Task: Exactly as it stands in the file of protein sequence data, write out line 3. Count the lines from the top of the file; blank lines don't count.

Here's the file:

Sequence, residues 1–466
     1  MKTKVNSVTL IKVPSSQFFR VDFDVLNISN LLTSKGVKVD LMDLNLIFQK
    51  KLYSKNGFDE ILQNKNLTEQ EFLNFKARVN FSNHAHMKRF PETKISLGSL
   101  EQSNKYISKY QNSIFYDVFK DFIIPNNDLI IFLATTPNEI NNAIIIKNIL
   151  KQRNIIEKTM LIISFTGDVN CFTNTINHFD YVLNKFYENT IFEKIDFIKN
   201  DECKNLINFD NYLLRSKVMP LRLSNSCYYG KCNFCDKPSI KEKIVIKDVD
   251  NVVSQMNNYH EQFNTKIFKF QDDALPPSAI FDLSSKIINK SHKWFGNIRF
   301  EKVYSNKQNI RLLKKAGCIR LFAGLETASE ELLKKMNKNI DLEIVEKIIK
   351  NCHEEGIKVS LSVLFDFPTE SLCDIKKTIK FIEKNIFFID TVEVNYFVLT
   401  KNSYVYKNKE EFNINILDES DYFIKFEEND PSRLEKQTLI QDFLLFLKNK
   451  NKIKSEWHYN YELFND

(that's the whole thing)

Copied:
    51  KLYSKNGFDE ILQNKNLTEQ EFLNFKARVN FSNHAHMKRF PETKISLGSL